Minnesota's outdoors enemy No. 1 usually is the mosquito. But since frost has dispatched the mosquito another insect now tops the list.
Asian lady beetles are everywhere these days. Walk outdoors and they cling to your clothing. Sunny sides of buildings are plastered with them.
Weather triggered the invasion. Frost tells beetles it's time to hibernate. Warm fall days are when they seek shelter. In their native China the beetles winter on cliffs and other rock outcroppings. There's not much of that in central Minnesota, so they choose buildings instead.
Why so many beetles this year?
Jeff Hahn, an entomologist at the University of Minnesota, said he isn't sure if the population is higher this year or if it's just a case of ideal fall weather causing them to concentrate in greater numbers.
"Last year after the temperature first dropped to freezing it never dramatically warmed back up," Hahn said. "Lady beetles still moved into buildings, but unlike this year we never really seemed to have that one defining moment when they first started to enter."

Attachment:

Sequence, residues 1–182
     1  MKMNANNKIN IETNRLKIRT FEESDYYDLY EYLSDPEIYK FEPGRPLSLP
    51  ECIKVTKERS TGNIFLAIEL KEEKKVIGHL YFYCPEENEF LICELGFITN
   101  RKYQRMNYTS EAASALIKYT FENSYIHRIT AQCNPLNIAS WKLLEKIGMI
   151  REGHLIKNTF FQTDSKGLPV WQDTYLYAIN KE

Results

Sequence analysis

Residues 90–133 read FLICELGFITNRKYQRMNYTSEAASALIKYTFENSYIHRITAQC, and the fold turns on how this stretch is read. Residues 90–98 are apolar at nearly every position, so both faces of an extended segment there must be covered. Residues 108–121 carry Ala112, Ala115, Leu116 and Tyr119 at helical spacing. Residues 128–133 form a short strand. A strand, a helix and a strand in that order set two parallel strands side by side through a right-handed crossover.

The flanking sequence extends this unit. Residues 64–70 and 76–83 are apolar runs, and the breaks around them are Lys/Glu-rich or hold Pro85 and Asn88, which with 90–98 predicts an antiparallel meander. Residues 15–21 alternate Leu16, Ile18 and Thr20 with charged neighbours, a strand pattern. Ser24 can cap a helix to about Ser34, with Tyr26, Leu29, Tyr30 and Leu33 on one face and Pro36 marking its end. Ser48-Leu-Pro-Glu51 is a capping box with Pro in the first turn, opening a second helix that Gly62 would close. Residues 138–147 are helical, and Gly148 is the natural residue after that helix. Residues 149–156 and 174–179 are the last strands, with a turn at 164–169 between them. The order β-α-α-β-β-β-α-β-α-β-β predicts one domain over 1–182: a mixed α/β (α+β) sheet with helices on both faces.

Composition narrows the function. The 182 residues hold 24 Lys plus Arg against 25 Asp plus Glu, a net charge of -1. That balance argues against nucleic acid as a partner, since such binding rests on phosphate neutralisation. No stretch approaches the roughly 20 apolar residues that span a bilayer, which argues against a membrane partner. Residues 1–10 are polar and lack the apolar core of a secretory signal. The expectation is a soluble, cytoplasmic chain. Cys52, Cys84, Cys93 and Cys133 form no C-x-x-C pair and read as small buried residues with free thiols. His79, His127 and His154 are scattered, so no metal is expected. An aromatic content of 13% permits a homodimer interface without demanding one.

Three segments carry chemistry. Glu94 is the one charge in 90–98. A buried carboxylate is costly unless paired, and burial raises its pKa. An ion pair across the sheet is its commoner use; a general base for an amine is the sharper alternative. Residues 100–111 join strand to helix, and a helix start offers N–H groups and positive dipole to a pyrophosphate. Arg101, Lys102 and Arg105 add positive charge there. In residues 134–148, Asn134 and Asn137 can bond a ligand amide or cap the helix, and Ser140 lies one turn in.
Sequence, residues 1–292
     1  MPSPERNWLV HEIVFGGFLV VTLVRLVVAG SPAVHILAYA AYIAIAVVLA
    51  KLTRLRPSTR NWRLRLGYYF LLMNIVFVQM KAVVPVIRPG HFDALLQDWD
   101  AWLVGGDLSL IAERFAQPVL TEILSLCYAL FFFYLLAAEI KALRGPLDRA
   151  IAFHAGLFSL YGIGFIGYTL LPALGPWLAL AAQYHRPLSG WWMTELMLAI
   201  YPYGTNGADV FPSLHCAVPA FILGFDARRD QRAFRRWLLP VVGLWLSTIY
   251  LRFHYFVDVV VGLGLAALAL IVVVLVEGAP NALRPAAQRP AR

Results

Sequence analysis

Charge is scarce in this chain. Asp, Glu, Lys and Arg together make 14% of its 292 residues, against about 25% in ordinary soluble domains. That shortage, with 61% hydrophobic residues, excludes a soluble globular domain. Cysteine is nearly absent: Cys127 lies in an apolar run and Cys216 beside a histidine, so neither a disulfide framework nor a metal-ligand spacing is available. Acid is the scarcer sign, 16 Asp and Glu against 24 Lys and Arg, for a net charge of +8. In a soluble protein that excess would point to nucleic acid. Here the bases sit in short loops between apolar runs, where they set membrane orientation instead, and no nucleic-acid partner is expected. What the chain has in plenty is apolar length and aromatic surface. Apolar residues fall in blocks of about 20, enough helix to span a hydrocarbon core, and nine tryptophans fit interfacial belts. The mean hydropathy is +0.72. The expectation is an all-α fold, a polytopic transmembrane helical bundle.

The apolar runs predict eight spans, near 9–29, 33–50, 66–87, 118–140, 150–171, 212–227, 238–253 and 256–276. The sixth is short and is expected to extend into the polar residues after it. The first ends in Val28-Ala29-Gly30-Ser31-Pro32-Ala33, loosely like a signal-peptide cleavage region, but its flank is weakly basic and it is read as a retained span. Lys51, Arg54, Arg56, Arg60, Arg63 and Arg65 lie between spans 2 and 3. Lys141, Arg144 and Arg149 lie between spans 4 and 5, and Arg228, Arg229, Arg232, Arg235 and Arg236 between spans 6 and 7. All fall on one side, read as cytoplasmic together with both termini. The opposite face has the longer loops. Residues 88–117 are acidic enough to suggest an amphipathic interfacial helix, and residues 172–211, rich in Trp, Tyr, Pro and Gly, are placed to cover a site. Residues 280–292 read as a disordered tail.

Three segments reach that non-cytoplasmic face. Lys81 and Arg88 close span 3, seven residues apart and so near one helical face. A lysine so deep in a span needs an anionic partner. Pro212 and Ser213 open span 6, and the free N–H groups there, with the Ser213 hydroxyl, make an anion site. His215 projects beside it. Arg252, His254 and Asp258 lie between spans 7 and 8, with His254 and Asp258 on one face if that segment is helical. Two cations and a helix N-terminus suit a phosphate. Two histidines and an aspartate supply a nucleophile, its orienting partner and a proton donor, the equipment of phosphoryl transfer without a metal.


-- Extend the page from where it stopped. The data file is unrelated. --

If beetles are scoping out your house for hibernation, now's the time to send 'em packing. Caulk and seal openings that might provide entry, such as windows, doors, roof lines, along the foundation and where utility lines enter the house. Apply insecticide to surfaces where the beetles are found en masse.
"Once they get in your home your options are limited," Hahn said. "The only real control is to vacuum them and then discard the bags. Avoid crushing them, as this can stain surfaces."
If beetles are out of control at your house then hire an exterminator. "They have access to products that aren't available to homeowners," Hahn said. "Demand CS, for example, is particularly effective against lady beetles."
Asian lady beetles were introduced in the southern U.S. to control aphids, small insects that feed on plants. They migrated north and were first found in Minnesota in large numbers in about 1998. They're larger than their cousin, the lady bug.
In summer the beetles live in fields, trees and on the ground, where they feeds on aphids.
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